At 1,200 square miles, Rhode Island is the nation’s smallest state. You can literally drive from one end of the Ocean State to the other in an hour in either direction. This geographic curiosity — which allows for easy passage to other states — has become a staffing hurdle for home care providers. 

How so? In Rhode Island, home care workers are certified nursing assistants (CNAs) who must complete 130 hours of training for certification. In neighboring Massachusetts, home care workers are home health aides who must complete only 60 hours of training for certification. 

Nicholas Oliver, executive director of the Rhode Island Partnership for Home Care, blames the differing requirements in part for the caregiver crisis in his state that has left at least 600 people a day on waiting lists for care.

Nicholas Oliver, Rhode Island Parternship for Home Care
Nicholas Oliver

“With all of these barriers into our workforce and the ability to gain entry into this field in neighboring states that are so easy to drive to, why would you stay in Rhode Island as a CNA?” Oliver asked McKnight’s Home Care Daily Pulse. “That is a challenge that we face daily.” 

A bigger issue

Rhode Island reflects a growing problem in the home care industry. Uneven training, combined with different certifications among states and even municipalities, is making it difficult to recruit and retain workers, according to experts.

“If we are imagining that home care and home health can advance and provide needs of healthcare, we have to find ways of removing some of those frictions,” CareAcademy Founder and CEO Helen Adeosun told McKnight’s Home Care Daily Pulse. 

CareAcademy provides online training for 2,000 home care providers across the U.S. and Canada, so Adeosun is well-versed in the different training requirements from state to state. Her firm helps small mom-and-pop agencies and multistate firms comply with the patchwork of regulations. 

Adeosun believes as more care moves into the home, training requirements for home care workers could increase. In fact, she’s already seeing that happen in states, such as Illinois, which now mandates training for Alzheimer’s disease and dementia. 

Helen Adeosun

“Typically what we see is as people are encountering a service or provision they want some level of oversight into the industry, so I think more stringent regulations and compliance are on the way,” Adeosun said. 

Consistency counts

More training for home care workers might not necessarily be a bad thing as long as it is consistent across the U.S. Nonprofit PHI National, which promotes quality direct care jobs, is calling for an overhaul and standardization of home care training nationwide. Among its recommendations is a national standard for direct care competencies and updated curricula that would reflect the full set of skills needed to work in home care today.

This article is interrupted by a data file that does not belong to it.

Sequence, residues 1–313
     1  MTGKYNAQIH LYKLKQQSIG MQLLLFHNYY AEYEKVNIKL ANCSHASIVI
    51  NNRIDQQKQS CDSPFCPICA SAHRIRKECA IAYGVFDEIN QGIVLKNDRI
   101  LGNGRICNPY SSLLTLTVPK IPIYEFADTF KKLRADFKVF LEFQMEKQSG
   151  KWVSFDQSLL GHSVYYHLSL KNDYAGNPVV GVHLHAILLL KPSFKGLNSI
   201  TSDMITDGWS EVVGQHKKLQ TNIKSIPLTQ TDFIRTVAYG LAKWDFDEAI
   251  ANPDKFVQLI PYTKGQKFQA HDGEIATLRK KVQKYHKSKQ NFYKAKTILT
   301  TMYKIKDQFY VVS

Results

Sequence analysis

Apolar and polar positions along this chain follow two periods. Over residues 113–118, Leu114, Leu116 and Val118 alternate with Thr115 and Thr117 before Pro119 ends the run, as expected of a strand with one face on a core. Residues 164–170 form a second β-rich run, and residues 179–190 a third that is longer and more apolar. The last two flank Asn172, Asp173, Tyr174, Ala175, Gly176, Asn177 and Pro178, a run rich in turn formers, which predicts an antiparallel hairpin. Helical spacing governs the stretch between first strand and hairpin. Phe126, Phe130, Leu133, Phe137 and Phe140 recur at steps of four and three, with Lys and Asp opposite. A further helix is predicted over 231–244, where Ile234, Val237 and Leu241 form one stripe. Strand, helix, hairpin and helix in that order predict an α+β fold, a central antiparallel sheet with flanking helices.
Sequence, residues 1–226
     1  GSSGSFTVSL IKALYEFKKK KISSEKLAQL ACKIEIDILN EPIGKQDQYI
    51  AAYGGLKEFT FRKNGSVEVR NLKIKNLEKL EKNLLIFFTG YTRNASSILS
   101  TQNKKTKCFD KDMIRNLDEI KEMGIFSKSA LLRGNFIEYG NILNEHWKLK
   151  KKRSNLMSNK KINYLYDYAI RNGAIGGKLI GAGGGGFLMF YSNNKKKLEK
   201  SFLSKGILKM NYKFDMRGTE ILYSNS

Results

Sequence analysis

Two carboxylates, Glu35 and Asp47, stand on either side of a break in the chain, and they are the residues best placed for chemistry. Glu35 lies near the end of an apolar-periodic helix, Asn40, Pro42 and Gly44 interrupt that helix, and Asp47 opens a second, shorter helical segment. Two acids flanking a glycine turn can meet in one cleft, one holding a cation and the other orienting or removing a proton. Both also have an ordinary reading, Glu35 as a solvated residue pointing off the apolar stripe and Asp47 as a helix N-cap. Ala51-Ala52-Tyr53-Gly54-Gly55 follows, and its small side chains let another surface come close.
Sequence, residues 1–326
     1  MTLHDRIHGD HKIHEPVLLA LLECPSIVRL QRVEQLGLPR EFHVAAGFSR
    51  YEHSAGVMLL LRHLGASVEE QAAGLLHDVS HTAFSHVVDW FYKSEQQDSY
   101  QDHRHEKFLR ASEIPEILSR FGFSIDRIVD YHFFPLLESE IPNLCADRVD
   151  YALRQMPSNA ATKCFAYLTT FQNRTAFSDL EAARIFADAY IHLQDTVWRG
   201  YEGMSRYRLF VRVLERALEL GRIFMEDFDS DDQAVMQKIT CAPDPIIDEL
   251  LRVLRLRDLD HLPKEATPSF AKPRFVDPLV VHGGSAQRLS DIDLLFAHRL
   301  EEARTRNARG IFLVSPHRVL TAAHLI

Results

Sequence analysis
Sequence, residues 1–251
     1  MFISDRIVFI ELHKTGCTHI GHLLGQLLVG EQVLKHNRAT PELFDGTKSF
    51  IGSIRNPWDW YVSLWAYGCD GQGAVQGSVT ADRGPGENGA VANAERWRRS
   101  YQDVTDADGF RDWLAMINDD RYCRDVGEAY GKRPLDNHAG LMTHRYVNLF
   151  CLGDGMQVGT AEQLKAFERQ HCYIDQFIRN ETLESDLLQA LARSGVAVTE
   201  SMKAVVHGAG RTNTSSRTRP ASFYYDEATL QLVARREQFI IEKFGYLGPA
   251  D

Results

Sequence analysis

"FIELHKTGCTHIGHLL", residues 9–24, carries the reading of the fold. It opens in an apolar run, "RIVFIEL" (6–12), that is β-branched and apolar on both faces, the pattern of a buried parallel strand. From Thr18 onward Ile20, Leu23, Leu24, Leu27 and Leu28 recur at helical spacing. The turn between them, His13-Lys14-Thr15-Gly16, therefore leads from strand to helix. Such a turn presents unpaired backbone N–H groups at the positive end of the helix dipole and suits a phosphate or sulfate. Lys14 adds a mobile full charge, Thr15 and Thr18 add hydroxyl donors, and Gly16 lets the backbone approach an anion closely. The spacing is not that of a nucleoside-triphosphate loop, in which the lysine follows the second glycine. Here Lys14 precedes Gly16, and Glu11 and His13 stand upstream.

Having uniform federal standards for home care could elevate the role of the home care worker in the care continuum and help attract more people to the industry, according to Kezia Scales, PhD, vice president of research and evaluation for PHI National.

“It’s moving toward an understanding of what this job, occupation and profession is all about,” Scales told McKnight’s Home Care Daily Pulse. “That is a consistent understanding across the country, instead of a piecemeal understanding with so many different job titles and so many different expectations.” 

Some industry groups partly agree. The National Association for Home Care and Hospice is calling on Congress to establish minimum federal standards for personal care services in Medicaid reform efforts. NAHC and the Home Care Association of America also want standards for quality of care and competencies, education and supervision of caregivers. 

Back in Rhode Island, Oliver isn’t waiting for Congress to level the regulatory playing field among states. Earlier this year, his association supported legislation that was introduced in both the Rhode Island General Assembly and Senate matching the state’s training requirements for home care workers with those in Massachusetts. Although the bills have not advanced in either house, Oliver is hopeful they will.

“If we are all collaborating together and saying the same thing, this proposal would at least improve home care locally and alleviate the workforce barrier,” he said.

Editor’s note: In terms of labor problems, there has never been a time like today. In this ongoing series, McKnight’s Home Care will explore the various facets of the workforce shortage, how home care is responding to it and the innovation that is propelling the field forward with new and sometimes unconventional solutions. Read a new installment each month until the end of the year.